Why Patagonia Is A Case For Corporate Activism

Patagonia is one of the leading companies for corporate activism, which B-schools are just now beginning to study. Patagonia photo

At the University of Southern California’s Marshall School of Business, global strategy professor Christine El-Haddad talks about outdoor clothing and gear company, Patagonia, often to her students. The business, she says, is a prime example of a brand that cares and isn’t afraid to stand up for what they believe in. “I’m not surprised by Patagonia’s move to challenge Trump’s decision in court,” El-Haddad tells Poets&Quants, referring to the Ventura, California-based company’s lawsuit filed December 6th.

On December 4, President Donald Trump announced that two national monuments in Utah, Bears Ears and Grand Staircase-Escalante would be reduced dramatically in size — Bear’s Ear by more than 80% and Grand Staircase-Escalante by more than half. The next day, Patagonia’s homepage lead image, usually a collage of wind, water, land, and adventure, was replaced with a large black block that filled screens worldwide. In stark white letters, it read: “The President Stole Your Land.” It still remains the first image on the site.

“As a Benefit corporation, Patagonia is committed to environmental and social causes. They are part of the company’s DNA,” El-Haddad says. But baking social and environmental outcomes into your company is one thing. Suing the President of the U.S. is another. But it’s already paid off. Literally. According reports from GQ, which obtained data from Slice Intelligence, a company specializing in online shopping insight, Patagonia sales by non-Patagonia retailers surged sixfold the day after the company placed the message on the site. For the entire week, sales jumped by 7% compared to the previous week, which included Cyber Monday.

Christine El-Haddad has been teaching strategy at the University of Southern California’s Marshall School of Business for a decade. USC Marshall photo


Critics called the move a marketing strategy to sell more fleece, but El-Haddad, who has been teaching strategy to undergraduates, graduates, and professions at USC for a decade, says the brand has a history of putting their beliefs first and believing sales will follow. While other companies largely stay out of thorny political issues and environmental policy, Patagonia has supported hundreds of grassroots organizations in their fight to protect public lands since 1985, and has donated more than $80 million to these groups, El-Haddad points out.

Thomas Gruen, the marketing chair at the Paul College of Business at the University of New Hampshire agrees with El-Haddad’s sentiments.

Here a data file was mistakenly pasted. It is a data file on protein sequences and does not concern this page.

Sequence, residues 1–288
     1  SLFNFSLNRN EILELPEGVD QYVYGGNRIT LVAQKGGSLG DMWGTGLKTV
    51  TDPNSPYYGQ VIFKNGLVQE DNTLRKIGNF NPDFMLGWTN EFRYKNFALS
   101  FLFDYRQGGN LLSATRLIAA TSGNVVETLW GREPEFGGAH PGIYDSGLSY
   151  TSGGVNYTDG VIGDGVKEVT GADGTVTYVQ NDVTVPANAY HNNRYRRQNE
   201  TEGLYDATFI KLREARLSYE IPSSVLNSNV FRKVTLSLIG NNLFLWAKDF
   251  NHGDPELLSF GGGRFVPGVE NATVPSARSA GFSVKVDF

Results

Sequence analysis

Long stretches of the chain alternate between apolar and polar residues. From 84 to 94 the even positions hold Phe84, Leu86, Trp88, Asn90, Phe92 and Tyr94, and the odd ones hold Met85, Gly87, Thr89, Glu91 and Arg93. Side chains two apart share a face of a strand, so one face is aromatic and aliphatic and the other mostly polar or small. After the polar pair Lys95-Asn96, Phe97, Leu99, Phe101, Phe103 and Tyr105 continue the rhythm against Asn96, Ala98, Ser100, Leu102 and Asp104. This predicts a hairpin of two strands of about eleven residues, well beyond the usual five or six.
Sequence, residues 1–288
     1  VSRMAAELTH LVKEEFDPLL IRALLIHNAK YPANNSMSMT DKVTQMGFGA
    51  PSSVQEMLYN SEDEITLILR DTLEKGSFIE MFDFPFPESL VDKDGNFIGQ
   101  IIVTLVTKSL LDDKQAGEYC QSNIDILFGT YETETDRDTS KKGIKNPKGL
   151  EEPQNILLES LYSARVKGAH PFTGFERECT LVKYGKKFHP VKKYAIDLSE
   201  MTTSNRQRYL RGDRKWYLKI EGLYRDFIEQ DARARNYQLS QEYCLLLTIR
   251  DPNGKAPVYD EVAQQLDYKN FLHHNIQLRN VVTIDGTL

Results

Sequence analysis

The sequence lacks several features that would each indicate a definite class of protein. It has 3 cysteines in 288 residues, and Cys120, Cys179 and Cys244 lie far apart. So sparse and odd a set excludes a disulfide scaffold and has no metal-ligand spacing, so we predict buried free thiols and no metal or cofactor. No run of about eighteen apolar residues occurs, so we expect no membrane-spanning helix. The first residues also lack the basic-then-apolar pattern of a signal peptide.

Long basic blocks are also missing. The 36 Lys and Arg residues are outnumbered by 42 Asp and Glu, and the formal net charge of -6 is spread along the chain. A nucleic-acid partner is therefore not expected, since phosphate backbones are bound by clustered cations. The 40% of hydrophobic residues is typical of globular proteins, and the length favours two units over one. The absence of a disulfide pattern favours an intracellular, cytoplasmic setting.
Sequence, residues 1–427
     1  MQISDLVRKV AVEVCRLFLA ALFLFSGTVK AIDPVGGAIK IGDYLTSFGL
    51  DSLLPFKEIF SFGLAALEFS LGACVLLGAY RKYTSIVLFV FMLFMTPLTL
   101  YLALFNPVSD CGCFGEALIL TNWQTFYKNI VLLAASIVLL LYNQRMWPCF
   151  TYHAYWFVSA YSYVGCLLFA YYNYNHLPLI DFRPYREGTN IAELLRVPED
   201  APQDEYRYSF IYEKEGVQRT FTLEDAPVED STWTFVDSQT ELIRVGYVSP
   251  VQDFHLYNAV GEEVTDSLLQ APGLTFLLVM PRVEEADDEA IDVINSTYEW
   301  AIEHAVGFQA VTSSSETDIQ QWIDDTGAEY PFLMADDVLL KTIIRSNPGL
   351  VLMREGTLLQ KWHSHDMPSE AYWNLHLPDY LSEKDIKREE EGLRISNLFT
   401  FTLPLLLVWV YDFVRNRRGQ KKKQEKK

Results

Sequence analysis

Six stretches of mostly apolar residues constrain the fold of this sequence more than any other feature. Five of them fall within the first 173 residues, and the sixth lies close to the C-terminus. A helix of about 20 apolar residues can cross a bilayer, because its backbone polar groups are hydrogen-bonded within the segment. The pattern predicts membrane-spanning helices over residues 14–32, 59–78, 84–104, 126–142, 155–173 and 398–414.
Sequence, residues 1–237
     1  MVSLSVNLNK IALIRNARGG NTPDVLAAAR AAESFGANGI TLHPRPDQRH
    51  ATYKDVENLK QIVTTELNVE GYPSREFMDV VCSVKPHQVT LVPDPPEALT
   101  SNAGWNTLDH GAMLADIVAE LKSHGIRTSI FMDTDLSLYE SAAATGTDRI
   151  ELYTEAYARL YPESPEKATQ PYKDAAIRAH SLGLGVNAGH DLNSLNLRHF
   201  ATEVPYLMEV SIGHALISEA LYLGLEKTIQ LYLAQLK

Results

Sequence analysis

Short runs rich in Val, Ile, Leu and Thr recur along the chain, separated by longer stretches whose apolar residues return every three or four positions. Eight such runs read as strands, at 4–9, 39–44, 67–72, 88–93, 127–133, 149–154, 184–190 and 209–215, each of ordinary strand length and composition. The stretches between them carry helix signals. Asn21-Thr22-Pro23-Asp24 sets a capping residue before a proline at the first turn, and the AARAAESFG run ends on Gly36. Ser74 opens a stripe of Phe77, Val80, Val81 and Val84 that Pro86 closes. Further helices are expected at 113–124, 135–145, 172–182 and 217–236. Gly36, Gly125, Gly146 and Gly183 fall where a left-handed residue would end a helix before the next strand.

“When it comes to other companies, it can be integrated as a marketing strategy, but with Patagonia, it’s 100% consistent with the firm’s behavior over the last 40 years,” Gruen says. “The firm was built on being respectful of the environment and sustainability and they appear to be reinforcing with your customer base that they will continue to be consistent with your values.“

Either way, Patagonia’s tactics are igniting a trend known as CEO or corporate activism. Recently, more and more companies are letting their customers know that their brand has beliefs and values to stand for. El-Haddad believes that this is partly because consumers are taking to social media to express their frustrations, engaging with brands online, and demanding that they take a stand on issues they care about.

“Today, we are seeing more and more company CEOs making public statements on issues such as discrimination, gender pay equity, and climate change,” El-Haddad explains.

Gruen sees it the same way.

“Some companies are feeling the need for corporate activism because as an institution and company, they feel like they have responsibilities not to just stand on the sidelines,” he says.

Robert Strand, the executive director of the Center for Responsible Business at the University of California-Berkeley Haas School of Business takes it up a notch and says it’s increasingly the responsibility of business leaders to take social and environmental stands.

“The reality is that business are becoming increasingly influential and powerful and arguably even more powerful than governments today,” Strand says. “Combine that with the fact that we have an administration that has made some hurtful decisions, some businesses are recognizing that they have an opportunity and responsibility to step up and say this is wrong and we are going to do something about it.”